The transition from stately, tradition-bound costume dramas to the violent directness of the kung fu movie owed much to the influence of Japanese chambara movies (the term is onomatopoeia for the clashing of swords). The traditional samurai genre had been revitalized in the early 1960s by a string of violent, starkly stylized films including Akira Kurosawa’s Yojimbo and Sanjuro, Masaki Kobayashi’s Harakiri and Samurai Rebellion, Kihachi Okamoto’s Sword of Doom, and Hideo Gosha’s Tenchu (in which Yukio Mishima was given the chance to enact a dress rehearsal for his imminent suicide).

Most enduringly successful was the long-running series detailing the peregrinations through feudal Japan of the blind masseur and master swordsman Zatoichi, whose hypersensitive hearing enabled him to fend off twenty or more ambushers at a time as easily as he killed a fly in midair with a pair of chopsticks. (The masseur’s popularity throughout East Asia is indicated by Zatoichi Meets His Equal, in which he encounters his comparably handicapped Chinese opposite number, the One-Armed Swordsman; two endings were shot, so that the local favorite would always come out on top.)

The chambara movies’ mix of gritty, often gory realism, soaringly lyrical camera work, and the nastiest of black comedy culminated in such characteristically excruciating passages as the scene in Harakiri in which a masterless samurai, maneuvering for a handout by declaring his intention to commit ritual suicide, has his bluff called and is forced to disembowel himself with a blunt bamboo sword. They were among the great unacknowledged influences of the 1960s, leading directly to Sergio Leone’s A Fistful of Dollars (which went so far as to lift Yojimbo‘s scenario outright) and the slow-motion blood geysers of Sam Peckinpah’s The Wild Bunch.

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Yet the Japanese movies did not enjoy the same kind of global success as the kung fu cycle; and whatever stylistic devices the Hong Kong film makers may have appropriated, the tone of their films remained entirely different from the Japanese, eschewing the strain of pessimism and ritual cruelty which informs movies like Lightning Swords of Death or Trail of Blood. The Japanese Sword of Doom and Bruce Lee’s The Chinese Connection have similar endings—the fatally wounded hero, in violent motion to the end, is caught in freeze frame as he manages one final burst of energy—but there is a world of difference between the demonic killing mania of Tatsuya Nakadai’s swordsman, hacking at shadows as the world around him goes up in flames, and the radiant enthusiasm of Bruce Lee’s avenging hero, triumphant even in death. The kung fu movies were about feeling strong, while the Japanese sword movies were often about feeling annihilated.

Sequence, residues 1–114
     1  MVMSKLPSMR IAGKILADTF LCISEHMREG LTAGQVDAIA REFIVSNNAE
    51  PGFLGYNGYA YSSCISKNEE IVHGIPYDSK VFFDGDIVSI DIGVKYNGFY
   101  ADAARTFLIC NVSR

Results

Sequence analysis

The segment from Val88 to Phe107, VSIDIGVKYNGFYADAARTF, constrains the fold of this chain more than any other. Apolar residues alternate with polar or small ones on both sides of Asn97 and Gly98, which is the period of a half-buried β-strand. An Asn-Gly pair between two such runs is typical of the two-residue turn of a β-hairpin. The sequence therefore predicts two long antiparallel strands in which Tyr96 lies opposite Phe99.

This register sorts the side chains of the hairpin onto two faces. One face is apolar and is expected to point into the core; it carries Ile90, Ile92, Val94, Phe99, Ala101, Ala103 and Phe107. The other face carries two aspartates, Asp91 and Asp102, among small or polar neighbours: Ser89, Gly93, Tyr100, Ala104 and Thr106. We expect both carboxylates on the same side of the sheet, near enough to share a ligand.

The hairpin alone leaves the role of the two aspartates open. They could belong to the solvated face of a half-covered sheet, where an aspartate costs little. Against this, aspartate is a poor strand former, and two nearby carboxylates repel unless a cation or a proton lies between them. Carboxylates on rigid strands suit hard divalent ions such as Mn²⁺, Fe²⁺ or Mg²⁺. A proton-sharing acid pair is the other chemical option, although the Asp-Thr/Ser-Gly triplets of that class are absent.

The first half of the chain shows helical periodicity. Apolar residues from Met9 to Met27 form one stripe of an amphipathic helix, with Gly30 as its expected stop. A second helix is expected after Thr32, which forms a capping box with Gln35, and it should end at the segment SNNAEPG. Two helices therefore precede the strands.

The stylistic elaboration of the Japanese chambara would in any event have been out of place in the kung fu movies, which preferred a head-on approach, with no frills to impede the performers’ moves. Beyond matters of tempo and mise-en-scène, the Japanese films were restricted in their range of influence by being so uncompromisingly Japanese, their tortuous plotting relentlessly inflected by the labyrinthine configurations of Japanese feudalism. Caught up in a series of obscure political conspiracies, clan vendettas, and endlessly splintering intrafactional conflicts, the uninitiated viewer rarely found it easy to determine which side the lethal contenders were on.